Erosion by water
Water moving downhill can carry away pieces of rock and soil
Temperature changes cause pieces of rock to flake away from the surface. Also, the acid in rainwater dissolves rocks containing calcium carbonate. These processes are called weathering.
Water erosion happens when water moves the pieces of rock or soil downhill. Waves also carry away small pieces of material. A wave can wash up onto the surface of rock or soil and then carry away pieces of material as it flows back into the ocean or lake.
The size of earth materials that can be moved by water depends on how fast the water is moving. A fast-flowing stream can carry large rocks while a slow-moving stream might only be able to carry very small things like clay. Canyons are among the most obvious features made by erosion. Where a river meets the sea, it drops the solids, sometimes making a river delta.
Drainage basin of the Amazon
Aletsch Glacier is the biggest glacier in the Alps
Large tropical rivers like the Paraná, Indus, Brahmaputra, Ganges, Zambezi, Mississippi and the Amazon carry huge amounts of sediment down to the sea. The Nile, perhaps the world's longest river, carries much less sediment than the others because, part of the way, it runs through less fertile regions than the other great rivers.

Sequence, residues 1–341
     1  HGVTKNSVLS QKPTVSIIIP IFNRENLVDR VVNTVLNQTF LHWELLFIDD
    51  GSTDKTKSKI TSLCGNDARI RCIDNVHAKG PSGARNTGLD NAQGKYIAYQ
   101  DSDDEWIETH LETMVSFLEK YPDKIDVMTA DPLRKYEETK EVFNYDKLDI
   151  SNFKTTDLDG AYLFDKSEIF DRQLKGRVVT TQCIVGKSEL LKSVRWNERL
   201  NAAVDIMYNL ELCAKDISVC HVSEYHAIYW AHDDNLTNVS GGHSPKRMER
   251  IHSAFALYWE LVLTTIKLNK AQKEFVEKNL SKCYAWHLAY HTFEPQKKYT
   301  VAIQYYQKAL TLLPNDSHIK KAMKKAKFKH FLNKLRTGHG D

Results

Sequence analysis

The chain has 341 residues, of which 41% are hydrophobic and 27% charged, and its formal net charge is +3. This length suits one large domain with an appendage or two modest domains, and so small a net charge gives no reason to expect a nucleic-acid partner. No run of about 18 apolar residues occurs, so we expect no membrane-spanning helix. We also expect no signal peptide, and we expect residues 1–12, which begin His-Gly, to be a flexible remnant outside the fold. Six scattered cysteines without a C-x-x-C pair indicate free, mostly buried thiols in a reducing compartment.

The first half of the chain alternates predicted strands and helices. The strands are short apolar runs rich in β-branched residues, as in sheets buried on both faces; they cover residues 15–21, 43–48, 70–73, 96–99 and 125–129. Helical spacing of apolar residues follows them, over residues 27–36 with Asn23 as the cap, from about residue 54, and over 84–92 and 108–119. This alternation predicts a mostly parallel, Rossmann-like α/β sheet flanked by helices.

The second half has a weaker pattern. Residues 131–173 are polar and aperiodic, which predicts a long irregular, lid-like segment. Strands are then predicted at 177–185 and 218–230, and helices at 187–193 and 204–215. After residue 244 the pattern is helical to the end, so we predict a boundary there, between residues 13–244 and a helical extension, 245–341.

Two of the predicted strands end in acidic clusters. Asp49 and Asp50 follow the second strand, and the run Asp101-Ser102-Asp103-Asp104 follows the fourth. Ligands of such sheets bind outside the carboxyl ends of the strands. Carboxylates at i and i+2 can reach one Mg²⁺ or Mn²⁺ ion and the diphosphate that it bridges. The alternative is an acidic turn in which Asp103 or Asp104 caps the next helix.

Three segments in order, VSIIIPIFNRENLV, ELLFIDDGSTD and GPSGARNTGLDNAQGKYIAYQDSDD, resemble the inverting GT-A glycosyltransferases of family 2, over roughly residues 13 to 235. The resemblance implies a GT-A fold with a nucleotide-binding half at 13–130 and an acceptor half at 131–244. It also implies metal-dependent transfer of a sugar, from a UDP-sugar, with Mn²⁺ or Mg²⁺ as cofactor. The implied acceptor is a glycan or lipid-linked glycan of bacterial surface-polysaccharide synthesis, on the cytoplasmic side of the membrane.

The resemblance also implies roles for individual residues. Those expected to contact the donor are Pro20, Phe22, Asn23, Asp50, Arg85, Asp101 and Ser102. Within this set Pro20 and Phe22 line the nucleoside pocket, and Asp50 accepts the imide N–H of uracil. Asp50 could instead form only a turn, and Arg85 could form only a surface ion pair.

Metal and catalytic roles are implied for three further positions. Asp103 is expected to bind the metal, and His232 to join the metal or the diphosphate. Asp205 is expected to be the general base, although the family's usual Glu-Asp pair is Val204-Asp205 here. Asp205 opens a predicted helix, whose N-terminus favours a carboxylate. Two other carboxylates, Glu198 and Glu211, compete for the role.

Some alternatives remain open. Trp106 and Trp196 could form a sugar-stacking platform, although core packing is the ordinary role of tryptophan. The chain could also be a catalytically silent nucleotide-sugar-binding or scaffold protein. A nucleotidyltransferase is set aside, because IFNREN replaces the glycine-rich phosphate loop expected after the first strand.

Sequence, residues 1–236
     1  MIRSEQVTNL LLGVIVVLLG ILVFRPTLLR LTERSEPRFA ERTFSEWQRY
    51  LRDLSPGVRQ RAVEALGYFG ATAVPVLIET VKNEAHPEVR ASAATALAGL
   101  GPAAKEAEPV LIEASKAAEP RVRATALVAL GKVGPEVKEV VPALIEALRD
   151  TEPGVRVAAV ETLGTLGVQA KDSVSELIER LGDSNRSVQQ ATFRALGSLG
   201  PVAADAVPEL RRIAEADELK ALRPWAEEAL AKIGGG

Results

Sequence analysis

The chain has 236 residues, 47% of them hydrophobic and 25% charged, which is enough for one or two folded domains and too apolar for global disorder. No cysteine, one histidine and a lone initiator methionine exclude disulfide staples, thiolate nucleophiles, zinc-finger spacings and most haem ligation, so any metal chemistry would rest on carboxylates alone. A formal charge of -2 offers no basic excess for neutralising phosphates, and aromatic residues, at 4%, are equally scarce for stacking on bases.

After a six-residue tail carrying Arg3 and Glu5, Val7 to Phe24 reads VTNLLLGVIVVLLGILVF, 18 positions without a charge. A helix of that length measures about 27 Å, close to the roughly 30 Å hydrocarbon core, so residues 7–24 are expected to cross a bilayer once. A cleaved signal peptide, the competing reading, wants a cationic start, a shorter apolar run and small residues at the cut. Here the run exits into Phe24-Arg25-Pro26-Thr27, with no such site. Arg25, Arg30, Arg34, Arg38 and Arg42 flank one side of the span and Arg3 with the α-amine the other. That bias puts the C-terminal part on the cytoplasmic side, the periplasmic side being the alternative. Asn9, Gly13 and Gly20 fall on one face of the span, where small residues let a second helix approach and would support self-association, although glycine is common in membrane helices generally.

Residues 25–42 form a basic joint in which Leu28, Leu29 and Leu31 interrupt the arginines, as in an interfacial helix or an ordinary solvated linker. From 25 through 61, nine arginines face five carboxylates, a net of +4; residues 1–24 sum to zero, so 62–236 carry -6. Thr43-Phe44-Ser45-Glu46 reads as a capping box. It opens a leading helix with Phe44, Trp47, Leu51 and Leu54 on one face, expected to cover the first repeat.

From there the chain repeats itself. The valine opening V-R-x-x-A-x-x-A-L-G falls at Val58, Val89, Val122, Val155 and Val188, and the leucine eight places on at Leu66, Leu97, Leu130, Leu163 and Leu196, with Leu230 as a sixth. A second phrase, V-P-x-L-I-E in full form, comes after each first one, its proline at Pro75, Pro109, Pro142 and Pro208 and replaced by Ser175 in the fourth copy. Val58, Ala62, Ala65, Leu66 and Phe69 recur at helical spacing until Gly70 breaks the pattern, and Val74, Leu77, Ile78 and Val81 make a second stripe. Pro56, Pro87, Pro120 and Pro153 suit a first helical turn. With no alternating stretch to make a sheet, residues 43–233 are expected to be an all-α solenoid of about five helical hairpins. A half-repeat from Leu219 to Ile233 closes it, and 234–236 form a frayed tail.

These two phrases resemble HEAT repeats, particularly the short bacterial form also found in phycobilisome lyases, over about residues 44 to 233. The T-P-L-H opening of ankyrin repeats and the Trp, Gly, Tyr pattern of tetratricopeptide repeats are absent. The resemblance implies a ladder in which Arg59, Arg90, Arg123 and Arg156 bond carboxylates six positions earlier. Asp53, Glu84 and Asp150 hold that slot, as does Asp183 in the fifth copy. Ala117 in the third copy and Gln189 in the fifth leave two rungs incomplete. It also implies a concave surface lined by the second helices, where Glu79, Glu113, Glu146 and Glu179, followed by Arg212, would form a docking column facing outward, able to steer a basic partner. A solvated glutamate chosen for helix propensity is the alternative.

The Amazon has by far the largest waterflow, with an average discharge greater than the next seven largest rivers combined. It has the largest drainage basin in the world, about 7,050,000 square kilometres (2,720,000 sq mi). The Amazon accounts for about one-fifth of the world's total river flow.
The sediment discharged by the gigantic mouth of the Amazon stains the sea brown for hundreds of miles out to sea.
When a glacier moves downhill,it pushes & pulls rocks with it. There is also another way. Cold weather causes water inside tiny cracks in rocks to freeze. When it freezes, the ice gets larger,& pushes hard against the rock to break it.